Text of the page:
King Richard IV: Excellent! Wessex, while they're away, take ten thousand troops and pillage Geneva!
Lord Chiswick: But the Swiss are our allies, My Lord.
King Richard IV: Oh yes... Well, er, get them to dress up as Germans, will you?
Whenever people from one nation or organization pretend to be members of another, to stir up trouble. Common scenarios include:
- Pretending to be an enemy and attacking another enemy, to get them to fight;
- Pretending to be an enemy and attacking yourself, to justify a counterattack;
- Secretly being an ally of the villains and having them "attack" you in order to shift suspicion away from yourself;
- Pretending to be a member of a terrorist organization and attacking your own people, to better control them;
- In espionage, pretending to be from either the victim's nation or an allied one to fool someone into betraying secrets.
- With Pirates, pretending to be the same as a victim's nation to get in close and attack the enemy.
- Using anonymity, such as that provided by some forum websites and via mail, to pretend to be on the side you're fighting against, and then saying something really extreme in order to turn people against whatever the other side is rooting for.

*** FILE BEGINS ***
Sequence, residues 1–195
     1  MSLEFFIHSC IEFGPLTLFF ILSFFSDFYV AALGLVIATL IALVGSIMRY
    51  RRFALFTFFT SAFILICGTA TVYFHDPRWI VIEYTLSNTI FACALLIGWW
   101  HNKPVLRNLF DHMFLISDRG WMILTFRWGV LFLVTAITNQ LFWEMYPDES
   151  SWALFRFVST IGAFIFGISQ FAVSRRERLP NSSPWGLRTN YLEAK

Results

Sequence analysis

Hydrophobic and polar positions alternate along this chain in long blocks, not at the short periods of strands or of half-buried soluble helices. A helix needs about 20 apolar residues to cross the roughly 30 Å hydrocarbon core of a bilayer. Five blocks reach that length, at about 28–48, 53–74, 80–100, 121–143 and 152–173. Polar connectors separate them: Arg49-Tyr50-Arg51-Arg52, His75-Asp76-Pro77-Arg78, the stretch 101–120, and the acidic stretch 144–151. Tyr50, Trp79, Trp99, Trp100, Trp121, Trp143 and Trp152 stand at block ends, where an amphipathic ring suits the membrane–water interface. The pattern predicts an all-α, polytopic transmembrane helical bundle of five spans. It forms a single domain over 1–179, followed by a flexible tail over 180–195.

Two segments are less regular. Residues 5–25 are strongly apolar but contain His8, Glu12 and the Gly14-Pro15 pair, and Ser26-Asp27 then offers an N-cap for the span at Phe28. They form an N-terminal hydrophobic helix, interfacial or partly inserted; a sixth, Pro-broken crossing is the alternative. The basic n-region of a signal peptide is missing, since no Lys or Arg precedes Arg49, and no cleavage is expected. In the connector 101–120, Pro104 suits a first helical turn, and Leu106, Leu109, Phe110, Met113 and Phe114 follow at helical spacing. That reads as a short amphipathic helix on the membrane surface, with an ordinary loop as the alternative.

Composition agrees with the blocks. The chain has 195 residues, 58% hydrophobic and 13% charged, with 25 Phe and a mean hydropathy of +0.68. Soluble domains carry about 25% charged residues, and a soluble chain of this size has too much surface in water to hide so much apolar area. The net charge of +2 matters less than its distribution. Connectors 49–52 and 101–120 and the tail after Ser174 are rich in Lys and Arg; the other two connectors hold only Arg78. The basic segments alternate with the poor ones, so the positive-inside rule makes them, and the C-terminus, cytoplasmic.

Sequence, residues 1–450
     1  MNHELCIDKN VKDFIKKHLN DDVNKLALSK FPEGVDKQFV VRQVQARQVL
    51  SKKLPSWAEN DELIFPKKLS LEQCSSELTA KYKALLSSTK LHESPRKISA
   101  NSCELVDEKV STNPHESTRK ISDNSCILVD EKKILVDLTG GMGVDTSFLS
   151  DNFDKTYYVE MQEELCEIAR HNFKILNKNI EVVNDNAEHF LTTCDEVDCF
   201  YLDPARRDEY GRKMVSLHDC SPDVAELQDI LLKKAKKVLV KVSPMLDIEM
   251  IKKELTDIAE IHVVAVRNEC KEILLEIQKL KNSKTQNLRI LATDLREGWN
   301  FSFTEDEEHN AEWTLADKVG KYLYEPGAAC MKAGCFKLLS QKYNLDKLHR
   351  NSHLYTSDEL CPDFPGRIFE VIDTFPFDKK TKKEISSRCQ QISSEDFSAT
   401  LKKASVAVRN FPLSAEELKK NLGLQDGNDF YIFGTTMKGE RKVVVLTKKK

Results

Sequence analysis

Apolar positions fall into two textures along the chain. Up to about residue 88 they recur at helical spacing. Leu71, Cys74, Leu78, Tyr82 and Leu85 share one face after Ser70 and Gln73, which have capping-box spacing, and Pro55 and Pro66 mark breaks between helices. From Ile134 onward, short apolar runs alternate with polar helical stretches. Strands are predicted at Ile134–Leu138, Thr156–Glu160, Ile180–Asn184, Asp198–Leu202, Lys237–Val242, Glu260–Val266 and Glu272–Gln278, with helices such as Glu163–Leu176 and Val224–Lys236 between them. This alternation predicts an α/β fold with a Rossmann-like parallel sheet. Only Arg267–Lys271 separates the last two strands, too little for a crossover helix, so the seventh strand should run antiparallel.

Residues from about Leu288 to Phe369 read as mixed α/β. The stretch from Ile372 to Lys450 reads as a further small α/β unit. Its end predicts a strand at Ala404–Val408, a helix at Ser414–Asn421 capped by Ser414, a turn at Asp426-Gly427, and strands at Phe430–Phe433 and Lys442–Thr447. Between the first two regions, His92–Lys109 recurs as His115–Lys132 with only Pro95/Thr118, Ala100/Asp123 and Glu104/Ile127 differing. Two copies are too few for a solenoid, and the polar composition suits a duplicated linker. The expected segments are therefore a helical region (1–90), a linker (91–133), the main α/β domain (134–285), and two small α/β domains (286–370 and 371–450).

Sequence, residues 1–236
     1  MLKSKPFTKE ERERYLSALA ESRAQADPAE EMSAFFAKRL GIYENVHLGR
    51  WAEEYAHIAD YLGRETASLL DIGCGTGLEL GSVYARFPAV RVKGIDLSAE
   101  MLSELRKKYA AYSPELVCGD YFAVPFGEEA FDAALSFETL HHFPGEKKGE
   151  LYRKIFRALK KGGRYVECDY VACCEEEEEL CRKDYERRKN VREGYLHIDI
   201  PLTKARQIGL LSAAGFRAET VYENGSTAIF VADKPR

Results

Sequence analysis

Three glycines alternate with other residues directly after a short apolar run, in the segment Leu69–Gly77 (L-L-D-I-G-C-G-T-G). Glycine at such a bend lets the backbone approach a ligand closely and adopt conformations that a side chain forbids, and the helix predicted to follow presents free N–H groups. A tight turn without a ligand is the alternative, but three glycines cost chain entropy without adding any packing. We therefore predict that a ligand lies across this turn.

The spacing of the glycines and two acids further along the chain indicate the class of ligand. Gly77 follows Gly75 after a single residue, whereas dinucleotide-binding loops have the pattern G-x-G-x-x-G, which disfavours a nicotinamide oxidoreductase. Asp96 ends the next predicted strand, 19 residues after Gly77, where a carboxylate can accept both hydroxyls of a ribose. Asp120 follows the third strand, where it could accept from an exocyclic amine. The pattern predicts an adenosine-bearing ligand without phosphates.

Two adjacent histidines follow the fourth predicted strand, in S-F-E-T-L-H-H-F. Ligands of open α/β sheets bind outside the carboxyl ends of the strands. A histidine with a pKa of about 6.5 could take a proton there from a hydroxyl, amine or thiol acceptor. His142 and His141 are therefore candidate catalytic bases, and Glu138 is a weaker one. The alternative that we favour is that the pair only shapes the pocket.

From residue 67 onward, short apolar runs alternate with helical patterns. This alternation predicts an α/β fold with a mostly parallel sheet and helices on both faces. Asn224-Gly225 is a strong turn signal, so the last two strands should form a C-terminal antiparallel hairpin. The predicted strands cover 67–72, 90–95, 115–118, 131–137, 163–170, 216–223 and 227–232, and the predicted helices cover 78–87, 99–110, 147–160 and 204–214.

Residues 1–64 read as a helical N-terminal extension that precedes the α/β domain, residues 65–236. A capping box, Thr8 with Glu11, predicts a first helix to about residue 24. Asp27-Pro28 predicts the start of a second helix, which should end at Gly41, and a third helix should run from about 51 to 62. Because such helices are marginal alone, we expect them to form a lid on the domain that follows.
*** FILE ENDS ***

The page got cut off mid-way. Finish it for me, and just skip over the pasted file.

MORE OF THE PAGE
It's not limited to violence; spreading misinformation or committing sabotage in someone else's name can work wonders too. Basically it is a Frameup scaled up to target large organizations and nations. Heroes typically end up trying to Prevent the War or Avoiding the Great War.
This is an example of Truth in Television since false flag operations have been used in real life to do all of this. It's generally frowned upon by the Geneva Convention.
Any False Flag Operation can be used to generate a Pretext for War. If a False Flag Operation is perpetrated by an individual villain or group start a war for private benefit, it's a case of War for Fun and Profit. If the attack is directed against the guys you're posing as (as opposed to your own), it's Dressing as the Enemy. When done on an individual level to justify a killing, it's a Self-Defense Ruse. When they disguise someone else, it's Disguised Hostage Gambit. If the intent is to incite two villainous groups to wipe each other out, it can either be Evil Versus Evil or Enemy Civil War. Thus, it is the third of The Thirty-Six Stratagems.